3 Evans, Andrew                USATF                   59.27m     194-05 
      57.92m  56.48m  56.45m  59.14m  59.27m  57.83m
  4 Winger, Russ                 Asics America           59.14m     194-00 
      55.89m  58.26m  59.14m  FOUL  FOUL  57.24m
  5 Ribeiro, Lucas               NSAF                    54.19m     177-09 
      54.19m  52.17m  FOUL  51.73m  51.05m  FOUL
  6 Geist, Jordan                NSAF                    50.35m     165-02 
      50.35m  50.27m  48.76m  49.70m  50.00m  49.97m

Stop That Yanking!

One of my young discus throwers has a chance to be really good, but like many athletes in many sports he cannot quite resist the urge to try to generate power by yanking his head.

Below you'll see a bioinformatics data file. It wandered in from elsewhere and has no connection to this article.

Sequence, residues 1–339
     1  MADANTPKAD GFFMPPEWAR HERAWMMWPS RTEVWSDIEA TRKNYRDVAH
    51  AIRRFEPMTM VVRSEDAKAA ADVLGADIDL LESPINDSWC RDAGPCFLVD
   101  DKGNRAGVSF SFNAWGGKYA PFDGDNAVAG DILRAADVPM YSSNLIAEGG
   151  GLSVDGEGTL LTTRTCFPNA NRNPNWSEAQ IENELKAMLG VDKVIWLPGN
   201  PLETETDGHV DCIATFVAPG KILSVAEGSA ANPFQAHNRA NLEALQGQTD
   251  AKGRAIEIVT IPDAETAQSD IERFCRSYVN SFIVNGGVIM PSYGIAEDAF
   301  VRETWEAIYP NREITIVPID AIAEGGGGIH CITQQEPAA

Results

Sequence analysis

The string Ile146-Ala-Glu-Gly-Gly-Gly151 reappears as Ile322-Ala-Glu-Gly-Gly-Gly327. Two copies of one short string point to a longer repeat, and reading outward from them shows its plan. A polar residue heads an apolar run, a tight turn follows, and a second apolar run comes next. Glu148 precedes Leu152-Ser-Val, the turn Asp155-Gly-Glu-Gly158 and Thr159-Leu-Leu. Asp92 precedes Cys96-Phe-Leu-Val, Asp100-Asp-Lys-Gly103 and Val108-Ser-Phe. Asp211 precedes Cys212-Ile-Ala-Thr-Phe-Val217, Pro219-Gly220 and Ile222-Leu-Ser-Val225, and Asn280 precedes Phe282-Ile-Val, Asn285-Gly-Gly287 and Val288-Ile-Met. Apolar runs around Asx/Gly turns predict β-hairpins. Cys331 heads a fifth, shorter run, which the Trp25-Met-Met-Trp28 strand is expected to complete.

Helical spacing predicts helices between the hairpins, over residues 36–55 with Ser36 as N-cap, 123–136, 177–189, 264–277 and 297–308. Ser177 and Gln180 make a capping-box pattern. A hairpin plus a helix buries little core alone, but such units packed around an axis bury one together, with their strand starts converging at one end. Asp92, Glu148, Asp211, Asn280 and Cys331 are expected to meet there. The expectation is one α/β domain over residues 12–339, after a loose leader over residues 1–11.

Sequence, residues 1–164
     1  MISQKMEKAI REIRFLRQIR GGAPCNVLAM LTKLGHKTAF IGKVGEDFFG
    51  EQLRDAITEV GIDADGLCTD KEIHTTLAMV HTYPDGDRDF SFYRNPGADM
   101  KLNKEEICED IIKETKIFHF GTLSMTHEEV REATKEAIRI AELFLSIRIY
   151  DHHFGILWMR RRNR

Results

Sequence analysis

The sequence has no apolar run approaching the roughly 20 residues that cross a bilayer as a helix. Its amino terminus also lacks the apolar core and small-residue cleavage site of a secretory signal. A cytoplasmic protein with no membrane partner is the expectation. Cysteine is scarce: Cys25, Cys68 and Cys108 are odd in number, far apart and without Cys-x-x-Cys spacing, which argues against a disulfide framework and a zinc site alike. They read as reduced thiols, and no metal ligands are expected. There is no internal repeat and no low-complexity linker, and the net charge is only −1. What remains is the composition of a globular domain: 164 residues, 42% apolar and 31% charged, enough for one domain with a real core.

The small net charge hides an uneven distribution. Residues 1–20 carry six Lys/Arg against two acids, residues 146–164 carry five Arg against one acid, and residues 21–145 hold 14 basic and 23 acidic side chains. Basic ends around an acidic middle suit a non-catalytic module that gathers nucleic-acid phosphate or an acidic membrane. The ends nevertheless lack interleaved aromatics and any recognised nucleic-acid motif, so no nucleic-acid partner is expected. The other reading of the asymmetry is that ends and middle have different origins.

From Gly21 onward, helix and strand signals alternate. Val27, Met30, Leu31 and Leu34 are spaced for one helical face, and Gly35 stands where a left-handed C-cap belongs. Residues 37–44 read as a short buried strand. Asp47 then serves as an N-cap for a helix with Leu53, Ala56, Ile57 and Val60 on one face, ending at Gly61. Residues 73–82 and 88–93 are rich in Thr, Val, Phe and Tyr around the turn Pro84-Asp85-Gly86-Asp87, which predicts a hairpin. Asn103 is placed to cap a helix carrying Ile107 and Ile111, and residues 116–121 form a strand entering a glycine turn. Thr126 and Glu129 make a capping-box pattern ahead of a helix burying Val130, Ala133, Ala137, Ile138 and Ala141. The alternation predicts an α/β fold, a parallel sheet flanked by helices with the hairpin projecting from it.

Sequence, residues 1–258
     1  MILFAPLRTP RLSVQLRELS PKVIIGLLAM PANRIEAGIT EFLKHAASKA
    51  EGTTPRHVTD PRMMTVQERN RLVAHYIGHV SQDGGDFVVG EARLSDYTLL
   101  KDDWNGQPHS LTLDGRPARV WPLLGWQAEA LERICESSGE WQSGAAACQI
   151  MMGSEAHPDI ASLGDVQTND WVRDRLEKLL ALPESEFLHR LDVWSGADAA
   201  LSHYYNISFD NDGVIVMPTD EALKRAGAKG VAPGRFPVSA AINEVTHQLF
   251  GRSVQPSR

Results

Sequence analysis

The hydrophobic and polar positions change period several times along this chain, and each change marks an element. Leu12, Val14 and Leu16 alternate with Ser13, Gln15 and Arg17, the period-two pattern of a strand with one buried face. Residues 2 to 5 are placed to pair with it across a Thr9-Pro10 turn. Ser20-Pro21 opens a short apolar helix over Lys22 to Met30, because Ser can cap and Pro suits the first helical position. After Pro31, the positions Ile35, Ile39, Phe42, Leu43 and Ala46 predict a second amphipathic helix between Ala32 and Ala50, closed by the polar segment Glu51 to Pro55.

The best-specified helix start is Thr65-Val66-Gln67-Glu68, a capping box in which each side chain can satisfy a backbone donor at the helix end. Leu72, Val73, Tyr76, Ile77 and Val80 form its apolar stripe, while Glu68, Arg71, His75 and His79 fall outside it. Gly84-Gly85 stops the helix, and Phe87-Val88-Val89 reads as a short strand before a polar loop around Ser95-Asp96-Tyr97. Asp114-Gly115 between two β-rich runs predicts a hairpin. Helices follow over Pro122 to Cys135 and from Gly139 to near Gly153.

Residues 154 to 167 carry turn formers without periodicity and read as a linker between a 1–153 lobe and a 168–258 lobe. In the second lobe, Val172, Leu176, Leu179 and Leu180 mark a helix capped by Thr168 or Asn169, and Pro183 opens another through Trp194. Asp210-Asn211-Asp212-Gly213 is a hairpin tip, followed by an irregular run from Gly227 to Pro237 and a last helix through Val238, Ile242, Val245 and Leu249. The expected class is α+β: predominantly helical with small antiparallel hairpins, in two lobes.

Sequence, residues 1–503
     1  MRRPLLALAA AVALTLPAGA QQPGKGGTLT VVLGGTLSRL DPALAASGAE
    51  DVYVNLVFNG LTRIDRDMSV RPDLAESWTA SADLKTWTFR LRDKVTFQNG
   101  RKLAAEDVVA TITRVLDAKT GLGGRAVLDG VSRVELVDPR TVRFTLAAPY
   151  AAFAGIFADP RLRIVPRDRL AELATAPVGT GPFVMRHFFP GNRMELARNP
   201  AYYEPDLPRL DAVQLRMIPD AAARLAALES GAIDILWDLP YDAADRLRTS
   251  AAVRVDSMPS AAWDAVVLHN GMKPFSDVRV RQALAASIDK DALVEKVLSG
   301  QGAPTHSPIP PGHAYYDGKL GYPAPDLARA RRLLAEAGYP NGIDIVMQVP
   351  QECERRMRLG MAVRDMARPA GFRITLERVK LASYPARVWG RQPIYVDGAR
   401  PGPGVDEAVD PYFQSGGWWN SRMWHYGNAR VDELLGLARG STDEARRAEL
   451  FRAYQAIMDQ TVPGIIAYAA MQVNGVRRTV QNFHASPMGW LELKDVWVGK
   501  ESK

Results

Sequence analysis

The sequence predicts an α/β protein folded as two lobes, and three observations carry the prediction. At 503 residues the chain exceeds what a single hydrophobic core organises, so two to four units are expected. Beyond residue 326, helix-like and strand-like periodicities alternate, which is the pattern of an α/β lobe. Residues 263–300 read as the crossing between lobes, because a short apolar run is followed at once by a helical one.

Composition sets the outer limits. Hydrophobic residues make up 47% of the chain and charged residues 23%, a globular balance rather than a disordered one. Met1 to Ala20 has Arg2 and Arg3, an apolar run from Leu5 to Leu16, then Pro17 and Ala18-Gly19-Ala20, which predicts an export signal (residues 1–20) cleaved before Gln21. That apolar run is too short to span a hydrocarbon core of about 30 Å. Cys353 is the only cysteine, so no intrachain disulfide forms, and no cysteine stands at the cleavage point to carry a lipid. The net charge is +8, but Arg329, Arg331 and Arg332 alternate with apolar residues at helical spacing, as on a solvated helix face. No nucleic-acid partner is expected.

Warning: Throws coaches may find the following image disturbing.

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I warned you!

What is especially troubling about this photo is that it depicts the ruin of what to that point had been a technically sound throw.

What is even more troubling is that serial yanking can be very difficult to cure. Especially if a kid snaps off the occasional big throw and that voice in his head says, “There! See? I told you yanking your head would work! Ignore that old dude  who keeps telling you to finish tall and stay smooth. That’s sissy talk! Just keep yanking, baby and we will do great things together!”

Fortunately, I am friends with Bob Nihells who runs an incredibly successful throws program at nearby Lake Park High School, and Bob agreed to perform an intervention with my guy Dan.